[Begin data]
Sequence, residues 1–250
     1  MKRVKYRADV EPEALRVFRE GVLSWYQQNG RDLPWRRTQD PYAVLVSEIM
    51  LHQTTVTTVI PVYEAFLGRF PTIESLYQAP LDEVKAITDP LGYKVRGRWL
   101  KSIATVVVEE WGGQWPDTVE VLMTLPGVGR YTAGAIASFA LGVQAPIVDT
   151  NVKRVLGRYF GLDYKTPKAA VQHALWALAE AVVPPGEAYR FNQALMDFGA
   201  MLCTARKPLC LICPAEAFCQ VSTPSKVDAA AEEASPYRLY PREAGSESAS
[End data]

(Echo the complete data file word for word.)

Sequence, residues 1–250
     1  MKRVKYRADV EPEALRVFRE GVLSWYQQNG RDLPWRRTQD PYAVLVSEIM
    51  LHQTTVTTVI PVYEAFLGRF PTIESLYQAP LDEVKAITDP LGYKVRGRWL
   101  KSIATVVVEE WGGQWPDTVE VLMTLPGVGR YTAGAIASFA LGVQAPIVDT
   151  NVKRVLGRYF GLDYKTPKAA VQHALWALAE AVVPPGEAYR FNQALMDFGA
   201  MLCTARKPLC LICPAEAFCQ VSTPSKVDAA AEEASPYRLY PREAGSESAS